Brownie Ice Cream Sandwiches, from Smitten Kitchen

For the brownies:
3 ounces unsweetened chocolate, roughly chopped
1 stick (1/2 cup) unsalted butter
1 cup granulated sugar
2 large eggs
1 teaspoon vanilla extract
1/2 teaspoon flaky sea salt or 1/4 teaspoon table salt
2/3 cup all-purpose flour

For the filling:
2 to 3 cups ice cream (one quart or two pints)

Heat your oven to 350°F. Line two 8×8-inch square baking pans with parchment paper.  Spray parchment with a nonstick cooking spray (I like to spray the bottom of the pan first so that the parchment sticks/stays in place, then spray the parchment and sides of pan generously as well).

In a medium heatproof bowl over gently simmering water, heat chocolate and butter together until almost melted (you can also do this in the microwave – heat in short increments, stirring every 20-30 seconds or so). Remove from heat and stir until smooth. Stir in sugar until fully combined, then eggs, one at a time and then vanilla. Stir in salt until combined, then flour. Try not to over-mix.

Divide batter between two prepared pans and spread evenly — an offset spatula will make this easier. Bake on different racks for 12 to 15 minutes, rotating once top to bottom and front to back, until a toothpick inserted into the center of each pan comes out batter-free. Transfer hot pans directly to freezer (you can put down dish towels or a cooling rack to protect shelves). Chill until cold and firm, about 15 to 20 minutes.

<<This is where my instructions will differ from Deb’s – but I would encourage you to try it her way first if you want.  Especially if you don’t have to transport yours, or if you have the time and energy to do a trial run.  But I think my way is a little more foolproof, albeit not quite as seamless.>>

For sandwiches:
Once brownies have cooled, remove one of the brownie layers from the pan and store on a cookie sheet or cooling rack (these layers are pretty thin so they’ll break easily if they aren’t completely cooled or frozen – be careful!).  Wipe down the 8×8 pan and re-line with parchment (no spray needed this time).  Scoop your ice cream out into the pan, and use a spatula to “smoosh” it into a smooth layer. Cover with parchment and use the second brownie pan to weigh the ice cream down (if you used a 9×13 or only have one 8×8, like me, you can skip this step). Return the ice cream to the freezer and freeze as long as possible. Deb said she only needed 20 minutes – I gave mine over 24 hours and it still started to melt pretty quickly.

When you’re ready to make your sandwiches, cut both brownie layers into 16 squares.  Remove ice cream from the freezer, lift it (using the parchment sling) onto a cutting board, and quickly cut it into 16 squares as well. Make the sandwiches and return to the freezer to let them re-freeze a bit. You’ll want a cookie sheet or a 9×13 pan if you don’t have two 8×8 pans, as it would be tricky to squeeze them all back into one 8×8.

Curry Chicken Satay with Peanut Sauce

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I’m not entirely sure this is a blog-worthy recipe, as no one really needs me to tell them how to make chicken skewers, and pictures of raw chicken really aren’t all that appetizing. I’m posting it anyways, though, because at this point in the summer I’m getting a little sick of the same old grilled chicken/fish/burgers and am in need of inspiration.  So I thought perhaps you are too.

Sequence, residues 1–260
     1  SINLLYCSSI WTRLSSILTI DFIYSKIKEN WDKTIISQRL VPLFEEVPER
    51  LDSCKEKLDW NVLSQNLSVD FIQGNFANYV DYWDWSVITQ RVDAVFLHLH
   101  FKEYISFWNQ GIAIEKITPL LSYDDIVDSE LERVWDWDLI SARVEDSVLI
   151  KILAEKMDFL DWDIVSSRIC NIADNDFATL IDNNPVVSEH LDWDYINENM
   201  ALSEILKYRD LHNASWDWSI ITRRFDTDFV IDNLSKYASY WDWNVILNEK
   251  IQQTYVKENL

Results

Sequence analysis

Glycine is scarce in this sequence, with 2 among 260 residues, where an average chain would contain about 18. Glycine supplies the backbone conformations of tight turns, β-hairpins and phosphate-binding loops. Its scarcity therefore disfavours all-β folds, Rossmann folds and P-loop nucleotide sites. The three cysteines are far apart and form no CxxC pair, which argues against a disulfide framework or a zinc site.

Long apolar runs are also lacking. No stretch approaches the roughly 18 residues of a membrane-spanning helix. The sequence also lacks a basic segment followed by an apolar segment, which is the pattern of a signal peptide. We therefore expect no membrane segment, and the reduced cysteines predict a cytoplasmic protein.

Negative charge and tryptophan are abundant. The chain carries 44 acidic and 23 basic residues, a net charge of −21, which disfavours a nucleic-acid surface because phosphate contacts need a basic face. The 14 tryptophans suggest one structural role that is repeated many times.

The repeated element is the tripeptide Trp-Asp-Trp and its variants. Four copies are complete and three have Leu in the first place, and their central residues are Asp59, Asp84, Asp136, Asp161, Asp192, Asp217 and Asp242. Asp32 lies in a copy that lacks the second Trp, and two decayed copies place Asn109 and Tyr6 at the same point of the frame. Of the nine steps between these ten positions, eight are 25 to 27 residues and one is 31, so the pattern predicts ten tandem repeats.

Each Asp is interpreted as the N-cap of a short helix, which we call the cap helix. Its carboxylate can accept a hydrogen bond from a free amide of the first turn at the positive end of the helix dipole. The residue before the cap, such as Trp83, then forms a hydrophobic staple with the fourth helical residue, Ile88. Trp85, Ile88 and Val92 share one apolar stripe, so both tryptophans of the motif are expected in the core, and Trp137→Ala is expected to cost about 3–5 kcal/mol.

My friend Alison introduced me to this recipe when we were in law school and for some reason decided to throw an Asian-fusion-themed cocktail party in my tiny apartment (any excuse to avoid studying). I made a Chinese chicken salad that I served in mini Chinese takeout cartons, with chopsticks. This was pre-Pinterest so I’m not sure how I came up with that idea (I think it may have been In Style magazine), but I was pretty proud of myself. Alison made curry chicken satay and it wasn’t until then, at age 25 or so, that I realized you could get such a thing outside of a Thai restaurant.

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The only thing remotely challenging about this recipe is giving yourself enough planning time to marinate the chicken.  The marinade itself takes about five minutes (less if your knife skills are better than mine).  Just make sure to soak your skewers while the chicken marinates.

Tyler has you cook the skewers in a grill pan on the stovetop, but I like to do mine on the barbecue (one less dish to clean).  Tyler also gives you a recipe for peanut sauce, which I’m sure is delicious, but mine is easier: just pick up a small to-go carton from your favorite Thai restaurant.  I’ve never had good luck with store-bought peanut sauce, but if you have you could use that too.  If you wanted to make your own, it’s something you could do ahead of time. This makes a great summer meal or app for entertaining as you can even grill the chicken in advance and serve it cold.  It’s going to be BBQ weather all week so if you’re in a grilling rut like me, I hope this helps! 

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One year ago: Baked Halibut with Tomatillo Salsa

Chicken Satay with Peanut Sauce, from Tyler Florence

For marinade:

1 cup plain yogurt
1 teaspoon freshly grated ginger
1 teaspoon minced garlic
1 tablespoon curry powder

For skewers:

1 1/2 lbs boneless, skinless chicken breasts, cut into strips
20 wooden skewers, soaked in water for about 30 minutes
Vegetable oil or spray, for grilling

Combine the yogurt, ginger, garlic, and curry powder and stir to combine. Pour the marinade over the chicken strips and gently toss until well coated. Cover and let the chicken marinate in the refrigerator for 1-2 hours.

Once the chicken has marinated, thread the chicken strips onto the soaked skewers. Heat barbecue and grease grill. Cook skewers for 3 to 5 minutes on each side, until cooked through.  Serve with peanut sauce.